Mural draws debate at Martinsburg City Council meeting

May 09, 2003|by CANDICE BOSELY

MARTINSBURG, W.Va. - All of the trouble stemmed from a mural - a bit of paint, a flair of artistry, a dab in nostalgia.

At the Martinsburg City Council meeting Thursday night, more than an hour was spent discussing the mural, which is planned for the side of a brick building at 124 S. Queen St. It will depict a marching band that played in the city from 1896 to sometime in the 1930s.

After listening to several people speak for and against the project, the city's attorney said council members could neither approve nor deny the project because nobody filed a formal appeal.


Opponents say the mural will detract from the building's historical character. Proponents call it a gift to the city that will draw people downtown.

Last June, the Historic Review Commission approved the project by a 4-3 vote, according to Mayor George Karos. Because nobody filed a formal appeal within 30 days of that decision, council members could take no action, said Oakley Seibert, legal counsel for the city.

If they desire, those opposed to the mural can appeal the decision to Circuit Court, Seibert said.

At the City Council meeting, Don Wood, president of the Berkeley County Historical Society, read aloud a description of the building's facade and unique characteristics. If anything, Wood said, the front of the building should be restored.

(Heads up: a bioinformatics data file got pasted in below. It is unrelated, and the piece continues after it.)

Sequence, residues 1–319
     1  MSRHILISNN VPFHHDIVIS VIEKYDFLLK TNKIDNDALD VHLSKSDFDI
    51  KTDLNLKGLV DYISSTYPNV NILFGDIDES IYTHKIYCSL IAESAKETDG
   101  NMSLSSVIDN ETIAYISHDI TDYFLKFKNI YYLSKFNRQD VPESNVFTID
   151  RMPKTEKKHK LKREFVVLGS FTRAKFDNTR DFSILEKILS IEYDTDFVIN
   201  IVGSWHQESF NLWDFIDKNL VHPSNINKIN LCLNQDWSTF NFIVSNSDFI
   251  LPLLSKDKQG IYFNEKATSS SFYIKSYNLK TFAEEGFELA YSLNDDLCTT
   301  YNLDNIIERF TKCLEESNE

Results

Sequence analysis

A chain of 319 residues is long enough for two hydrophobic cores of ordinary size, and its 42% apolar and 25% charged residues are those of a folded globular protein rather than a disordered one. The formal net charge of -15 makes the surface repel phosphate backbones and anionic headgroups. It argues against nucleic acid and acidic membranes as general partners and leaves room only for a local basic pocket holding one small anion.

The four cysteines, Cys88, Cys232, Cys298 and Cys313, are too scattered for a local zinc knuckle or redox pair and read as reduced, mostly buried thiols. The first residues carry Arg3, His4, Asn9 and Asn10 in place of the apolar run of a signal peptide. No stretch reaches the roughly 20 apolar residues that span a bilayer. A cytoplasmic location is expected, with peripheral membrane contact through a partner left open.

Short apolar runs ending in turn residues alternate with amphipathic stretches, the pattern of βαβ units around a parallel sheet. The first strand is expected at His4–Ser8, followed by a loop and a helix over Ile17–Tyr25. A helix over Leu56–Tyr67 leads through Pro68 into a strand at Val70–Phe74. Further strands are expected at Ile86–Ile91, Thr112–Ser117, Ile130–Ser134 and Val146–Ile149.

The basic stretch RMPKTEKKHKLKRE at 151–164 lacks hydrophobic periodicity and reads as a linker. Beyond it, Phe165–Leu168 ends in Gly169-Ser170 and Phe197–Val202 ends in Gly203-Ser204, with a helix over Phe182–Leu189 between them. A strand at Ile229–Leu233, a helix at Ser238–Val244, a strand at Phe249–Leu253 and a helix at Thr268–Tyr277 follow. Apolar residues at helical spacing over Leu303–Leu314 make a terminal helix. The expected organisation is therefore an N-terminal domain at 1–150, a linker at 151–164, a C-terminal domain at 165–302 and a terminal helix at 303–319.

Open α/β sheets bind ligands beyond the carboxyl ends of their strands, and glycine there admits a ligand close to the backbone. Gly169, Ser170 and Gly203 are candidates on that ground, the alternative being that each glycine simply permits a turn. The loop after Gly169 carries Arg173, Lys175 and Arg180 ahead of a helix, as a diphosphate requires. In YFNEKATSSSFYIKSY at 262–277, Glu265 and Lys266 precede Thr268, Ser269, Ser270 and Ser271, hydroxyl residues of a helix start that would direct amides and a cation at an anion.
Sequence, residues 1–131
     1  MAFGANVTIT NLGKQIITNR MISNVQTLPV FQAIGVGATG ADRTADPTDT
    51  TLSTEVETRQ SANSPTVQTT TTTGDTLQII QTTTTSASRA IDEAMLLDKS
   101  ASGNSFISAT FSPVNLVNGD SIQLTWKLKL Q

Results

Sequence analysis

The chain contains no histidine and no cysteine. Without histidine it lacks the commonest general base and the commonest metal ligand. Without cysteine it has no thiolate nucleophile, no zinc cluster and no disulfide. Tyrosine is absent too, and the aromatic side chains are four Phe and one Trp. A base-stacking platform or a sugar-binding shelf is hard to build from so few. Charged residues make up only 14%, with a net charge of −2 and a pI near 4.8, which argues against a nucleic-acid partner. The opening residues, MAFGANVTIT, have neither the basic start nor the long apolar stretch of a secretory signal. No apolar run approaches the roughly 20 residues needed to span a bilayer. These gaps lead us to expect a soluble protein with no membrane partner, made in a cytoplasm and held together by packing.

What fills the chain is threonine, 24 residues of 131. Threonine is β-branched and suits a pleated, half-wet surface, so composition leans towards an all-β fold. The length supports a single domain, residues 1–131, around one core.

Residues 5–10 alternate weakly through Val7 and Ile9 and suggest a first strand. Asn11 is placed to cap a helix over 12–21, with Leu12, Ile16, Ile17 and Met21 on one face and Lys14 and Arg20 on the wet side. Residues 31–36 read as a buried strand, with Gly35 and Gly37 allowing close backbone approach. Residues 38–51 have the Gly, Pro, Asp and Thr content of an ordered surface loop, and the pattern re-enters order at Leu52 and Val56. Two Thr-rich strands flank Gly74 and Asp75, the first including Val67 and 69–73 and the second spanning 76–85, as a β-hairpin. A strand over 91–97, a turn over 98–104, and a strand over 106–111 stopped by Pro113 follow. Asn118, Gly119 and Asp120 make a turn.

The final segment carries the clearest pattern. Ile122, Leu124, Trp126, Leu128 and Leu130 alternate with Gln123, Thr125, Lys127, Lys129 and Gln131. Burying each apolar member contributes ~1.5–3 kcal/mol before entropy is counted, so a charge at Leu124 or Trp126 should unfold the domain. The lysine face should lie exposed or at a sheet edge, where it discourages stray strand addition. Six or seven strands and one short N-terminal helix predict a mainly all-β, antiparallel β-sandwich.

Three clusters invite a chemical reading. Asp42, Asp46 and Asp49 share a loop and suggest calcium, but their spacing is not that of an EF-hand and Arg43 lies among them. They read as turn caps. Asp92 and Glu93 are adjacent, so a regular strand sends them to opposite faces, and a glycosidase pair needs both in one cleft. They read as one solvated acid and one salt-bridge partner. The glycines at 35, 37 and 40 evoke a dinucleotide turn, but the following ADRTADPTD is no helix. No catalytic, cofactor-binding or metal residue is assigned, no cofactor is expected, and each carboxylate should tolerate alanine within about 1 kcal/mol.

"It's trashing one of our beautiful landmarks," Wood said later of the mural.

Jeff Curtis, executive director of Main Street Martinsburg, agreed that the building is beautiful. A project of Main Street, Curtis said the mural will contribute to the organization's goal of revitalizing the heart and soul of the city.

Architect Matthew Grove, who was on the design committee for the mural, said six buildings were considered as possible sites. Eventually Main Street decided to go with the one at 124 S. Queen St., with the blessing of its owner.

A $15,000 arts grant will be used to pay for the mural, which will be done by Hagerstown artist Bettina Messersmith.

"We really see this as a rich project, one that really does contribute to the downtown," Grove said.

Councilman Glenville Twigg asked how long the mural will last.

Depending on the integrity of the brick and the weather, it should last for about 25 years before any major repainting is necessary, Messersmith said.

When asked by Councilman Chris Baker how much it would cost to remove the mural, Messersmith said she did not know because nobody has ever asked her to remove a mural she has done.

La Rue Frye, who owns several downtown buildings, implied to council members that several property owners may leave Martinsburg if the mural is painted.

Grove, though, said Frye did not speak for the majority of the 200 downtown businesses. Very few have expressed a negative attitude toward the mural, he said.

Abandoning the project to appease a few is not an option, advocates of the mural said.

"I think it's beautiful. I think it will be beautiful," said Barbara Bratina, a member of Main Street Martinsburg's Board of Directors.

Painting is set to begin next month.

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